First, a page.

Art is used to address a multitude of topics and issues in our world. These topics are vast yet complex and it takes many different art forms to express each topic – of which are often controversial. Historically, painting and poetry among other art forms incorporated nature into art, primarily as a way to record their environment and things of importance to them at the time. During the Renaissance, the perspective of simply recording nature changed to studying nature and shaping it into man’s ideal. This tied in with the Industrial Revolution, greatly damaging the Earth and changing the world. During the 19th century in America, art was used to express the perspective of Manifest Destiny, a desire to conquer the continent. In the second half of that century, the attitudes shifted to conserving nature. Has this attitude held steady and/or grown in presence? I would imagine it has grown, yet we are still fighting the same battle. In our contemporary times, artists use art to seek change – be it political, social, environment and what have you. Art can be in many forms, poetry, sculptures, painting, photography and videography, even pottery! I remember in my AP English Literature class in high school, and my teacher told us that artists are a threat to totalitarian governments because they question what is established and influence others to think differently on different issues. Artists have an important role and responsibility in society to question the current status quo. One of their many important responsibilities is to raise awareness to engage communities and provoke thought in the public. Asking questions isn’t enough! Artists have immense freedom to explore, develop, and redefine current notions and have a responsibility to take advantage of that freedom. Related to the two responsibilities mentioned above, artists lead change in society through their art. Artists make others see things differently, from a different perspective. Not every artist must have the same objective, the same opinion, or style – and that’s what makes each piece powerful and persuasive in its own way.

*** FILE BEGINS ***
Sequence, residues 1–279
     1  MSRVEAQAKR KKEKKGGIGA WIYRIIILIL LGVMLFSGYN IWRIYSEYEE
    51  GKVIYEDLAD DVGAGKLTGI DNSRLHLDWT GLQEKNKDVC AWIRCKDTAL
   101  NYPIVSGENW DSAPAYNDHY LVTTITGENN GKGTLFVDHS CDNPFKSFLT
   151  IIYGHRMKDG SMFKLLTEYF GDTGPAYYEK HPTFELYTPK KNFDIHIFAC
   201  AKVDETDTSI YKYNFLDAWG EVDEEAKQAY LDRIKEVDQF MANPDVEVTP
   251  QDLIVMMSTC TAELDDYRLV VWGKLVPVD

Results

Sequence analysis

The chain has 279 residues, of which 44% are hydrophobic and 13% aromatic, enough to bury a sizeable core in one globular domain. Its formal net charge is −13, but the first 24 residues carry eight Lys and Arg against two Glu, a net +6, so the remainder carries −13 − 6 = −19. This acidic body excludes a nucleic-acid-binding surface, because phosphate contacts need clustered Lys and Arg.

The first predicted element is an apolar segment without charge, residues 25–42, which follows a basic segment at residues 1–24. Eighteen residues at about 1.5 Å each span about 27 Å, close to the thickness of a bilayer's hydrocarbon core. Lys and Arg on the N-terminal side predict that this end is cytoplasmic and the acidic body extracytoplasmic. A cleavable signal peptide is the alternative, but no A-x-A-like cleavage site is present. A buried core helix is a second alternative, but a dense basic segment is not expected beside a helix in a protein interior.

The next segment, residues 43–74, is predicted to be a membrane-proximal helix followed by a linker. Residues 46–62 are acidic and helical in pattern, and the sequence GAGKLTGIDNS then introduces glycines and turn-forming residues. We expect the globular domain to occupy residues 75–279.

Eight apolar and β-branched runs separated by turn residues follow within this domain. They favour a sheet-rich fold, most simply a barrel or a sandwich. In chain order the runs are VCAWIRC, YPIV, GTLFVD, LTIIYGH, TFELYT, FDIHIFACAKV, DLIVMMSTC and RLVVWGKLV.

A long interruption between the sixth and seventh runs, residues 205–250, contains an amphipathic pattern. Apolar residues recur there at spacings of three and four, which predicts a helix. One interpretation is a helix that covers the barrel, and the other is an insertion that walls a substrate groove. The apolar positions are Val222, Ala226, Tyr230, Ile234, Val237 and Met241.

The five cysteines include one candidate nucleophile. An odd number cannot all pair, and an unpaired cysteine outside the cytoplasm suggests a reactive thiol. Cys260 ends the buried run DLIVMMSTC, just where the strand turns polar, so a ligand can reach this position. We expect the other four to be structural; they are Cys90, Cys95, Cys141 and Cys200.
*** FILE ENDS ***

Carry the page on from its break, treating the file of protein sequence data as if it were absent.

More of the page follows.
Brown, A. (2014). Art & Ecology Now. Thames & Hudson.